February 5, 2012

Tomato-Canning Feminists

"I don't know why I'm doing this." -Shannon Hayes, Radical Homemakers : Reclaiming Domesticity From a Consumer Culture, p. 1

     Those feelings jumped across the page and into my heart as I read them. There have been many times that I have felt those doubts in my heart and mind about my choice of being a housewife. When one thinks of a housewife, the image of a 1950's mother and wife, primped to perfection, cleaning the home and being the 'perfect' wife for her husband normally comes to mind.


    Not quite so. In my household, we share the responsibility of creating a social just, healthy, communicating family and home. For instance, I do the dishes, while M does the laundry. M scrubs the tub and I vacum. We both participate in cooking and folding the clothes. We consider ourselves equals and instead of assigning roles by gender and sex, we work equally together on creating a home that will benefit our community, both local and worldwide. 

It was important to me to understand the history behind the word housewife and what it meant to me and what it meant to others. With this, I picked up the book Radical Homemakers : Reclaiming Domesticity From a Consumer Culture by Shannon Hayes. In this book she discusses the history behind the word housewife.


"A search for the origin of the word housewife traces it back to the thirteenth century as the fedual period was coming to an end in Europe and the first signs of a middle class were popping up. Historian Ruth Schwartz Cowan explains that housewives were wedded to husbands who name came from hus, an old spelling of house, and bondedHusbands were bonded to houses, rather than to lords. Housewives and husbands were free people who owned their own homes and lived off their land. While there was a division of labor among sexes in these early households, there was also an equal distribution of domestic work" (Hayes 14).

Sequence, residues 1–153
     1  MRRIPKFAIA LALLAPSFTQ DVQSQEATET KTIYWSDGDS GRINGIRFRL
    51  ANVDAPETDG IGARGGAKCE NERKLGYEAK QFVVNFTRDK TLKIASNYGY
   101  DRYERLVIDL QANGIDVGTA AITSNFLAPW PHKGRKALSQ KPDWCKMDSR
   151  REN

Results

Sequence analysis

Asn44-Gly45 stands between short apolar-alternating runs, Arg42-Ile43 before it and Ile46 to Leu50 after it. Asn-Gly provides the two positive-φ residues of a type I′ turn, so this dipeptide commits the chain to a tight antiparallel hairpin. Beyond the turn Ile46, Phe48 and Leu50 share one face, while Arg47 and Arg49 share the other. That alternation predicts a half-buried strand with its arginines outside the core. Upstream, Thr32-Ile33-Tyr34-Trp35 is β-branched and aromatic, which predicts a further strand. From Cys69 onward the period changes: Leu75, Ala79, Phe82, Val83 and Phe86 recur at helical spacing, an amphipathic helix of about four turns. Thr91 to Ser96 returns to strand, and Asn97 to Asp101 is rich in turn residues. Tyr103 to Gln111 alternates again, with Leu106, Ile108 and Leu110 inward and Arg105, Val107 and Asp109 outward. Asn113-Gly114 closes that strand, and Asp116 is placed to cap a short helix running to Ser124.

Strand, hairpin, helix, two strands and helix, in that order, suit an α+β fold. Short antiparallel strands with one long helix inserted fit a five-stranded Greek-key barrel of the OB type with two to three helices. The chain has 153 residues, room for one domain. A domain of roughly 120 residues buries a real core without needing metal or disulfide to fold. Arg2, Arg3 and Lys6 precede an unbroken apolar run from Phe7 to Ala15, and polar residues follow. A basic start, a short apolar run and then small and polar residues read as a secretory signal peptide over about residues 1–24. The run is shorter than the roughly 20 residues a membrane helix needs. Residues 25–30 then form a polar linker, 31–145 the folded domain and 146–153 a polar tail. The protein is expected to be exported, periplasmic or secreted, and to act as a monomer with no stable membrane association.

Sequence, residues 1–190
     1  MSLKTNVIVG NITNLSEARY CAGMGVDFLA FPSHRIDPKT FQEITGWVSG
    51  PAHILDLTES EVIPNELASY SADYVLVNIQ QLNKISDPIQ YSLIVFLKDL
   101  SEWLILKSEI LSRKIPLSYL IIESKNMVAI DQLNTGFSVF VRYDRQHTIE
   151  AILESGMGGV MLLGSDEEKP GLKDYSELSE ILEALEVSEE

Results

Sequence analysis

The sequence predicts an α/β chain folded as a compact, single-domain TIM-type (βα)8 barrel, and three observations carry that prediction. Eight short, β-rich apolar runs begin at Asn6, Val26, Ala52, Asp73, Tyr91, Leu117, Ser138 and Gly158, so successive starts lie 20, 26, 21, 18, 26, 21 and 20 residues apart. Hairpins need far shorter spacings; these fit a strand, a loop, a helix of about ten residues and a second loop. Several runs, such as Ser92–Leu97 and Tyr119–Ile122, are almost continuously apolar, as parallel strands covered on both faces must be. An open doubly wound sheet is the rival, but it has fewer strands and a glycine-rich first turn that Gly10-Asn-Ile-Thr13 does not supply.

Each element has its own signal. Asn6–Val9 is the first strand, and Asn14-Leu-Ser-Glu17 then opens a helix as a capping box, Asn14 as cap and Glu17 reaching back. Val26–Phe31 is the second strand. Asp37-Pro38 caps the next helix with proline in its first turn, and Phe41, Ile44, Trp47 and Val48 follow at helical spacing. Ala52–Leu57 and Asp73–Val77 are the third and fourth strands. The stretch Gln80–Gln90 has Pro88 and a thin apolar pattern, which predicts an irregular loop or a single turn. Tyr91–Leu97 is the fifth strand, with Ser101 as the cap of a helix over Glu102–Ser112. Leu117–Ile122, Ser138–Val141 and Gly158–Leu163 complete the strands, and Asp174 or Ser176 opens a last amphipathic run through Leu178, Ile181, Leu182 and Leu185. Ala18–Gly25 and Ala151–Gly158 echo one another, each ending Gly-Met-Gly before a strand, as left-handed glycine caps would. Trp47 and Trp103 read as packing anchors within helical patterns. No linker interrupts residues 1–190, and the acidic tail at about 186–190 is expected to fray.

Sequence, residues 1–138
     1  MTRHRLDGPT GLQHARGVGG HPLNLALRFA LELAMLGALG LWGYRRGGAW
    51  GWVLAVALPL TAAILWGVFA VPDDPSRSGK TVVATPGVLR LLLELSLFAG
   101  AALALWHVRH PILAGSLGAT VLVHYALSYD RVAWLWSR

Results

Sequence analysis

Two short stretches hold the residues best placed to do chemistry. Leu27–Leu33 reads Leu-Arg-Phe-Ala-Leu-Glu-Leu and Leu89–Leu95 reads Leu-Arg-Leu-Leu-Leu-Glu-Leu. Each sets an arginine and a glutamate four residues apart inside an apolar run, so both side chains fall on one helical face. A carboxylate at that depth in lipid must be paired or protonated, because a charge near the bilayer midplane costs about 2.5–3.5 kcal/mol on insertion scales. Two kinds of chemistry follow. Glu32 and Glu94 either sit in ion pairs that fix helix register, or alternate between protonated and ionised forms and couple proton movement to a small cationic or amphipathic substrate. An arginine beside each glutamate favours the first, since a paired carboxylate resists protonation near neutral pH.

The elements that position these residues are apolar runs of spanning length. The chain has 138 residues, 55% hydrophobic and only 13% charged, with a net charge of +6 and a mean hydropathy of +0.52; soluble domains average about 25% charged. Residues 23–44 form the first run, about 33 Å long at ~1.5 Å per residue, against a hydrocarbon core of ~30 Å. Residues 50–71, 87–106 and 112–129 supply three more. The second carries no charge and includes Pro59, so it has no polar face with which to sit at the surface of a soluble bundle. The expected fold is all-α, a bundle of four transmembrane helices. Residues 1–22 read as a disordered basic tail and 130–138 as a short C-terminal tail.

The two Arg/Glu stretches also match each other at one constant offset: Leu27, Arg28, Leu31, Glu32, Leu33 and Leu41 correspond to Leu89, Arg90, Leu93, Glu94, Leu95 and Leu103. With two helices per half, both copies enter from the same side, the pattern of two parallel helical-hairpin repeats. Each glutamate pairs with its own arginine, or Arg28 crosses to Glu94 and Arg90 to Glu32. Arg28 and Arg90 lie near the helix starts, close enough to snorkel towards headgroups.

Source
For the longest time, I couldn't figure out why I was drawn to being a housewife. Being from a former faith that put an *intense* emphasis on being a 'stay-at-home' mom and a 'homemaker' I have been wanting to run from that word for a long time. Since I have left, I felt that if I chose this lifestyle, I would be returning to that faith that I did not want to return to.

Internally, I battled with my heart and mind about this decision until I round a reason that made sense to me. A radical homemaker are men and women who are

 "...pursuing homemaking as a vocation for saving family, community and the planet" (Hayes 1). 

This was it for me. This was the definition that let myself be okay with what my heart wanted to do. I don't have to conform to any religion to be a homemaker. I don't need to proclaim a faith or be part of a religion to be a radical homemaker. 

This is why I am choosing homemaking as a life-calling and vocation. It will be my work, it will be my life, it is my choice. 



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Works Cited

Hayes, Shannon. Radical Homemaking : Politics, Ecology and Domestic Arts. 1st. Richmondville:      Left to Write Press, 2010. 14. Print.

2 comments:

  1. I agree! And that book is next on my to read list!

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  2. Thank you Ashley! This book is incredible and it really helps me to understand my own journey as a homemaker.

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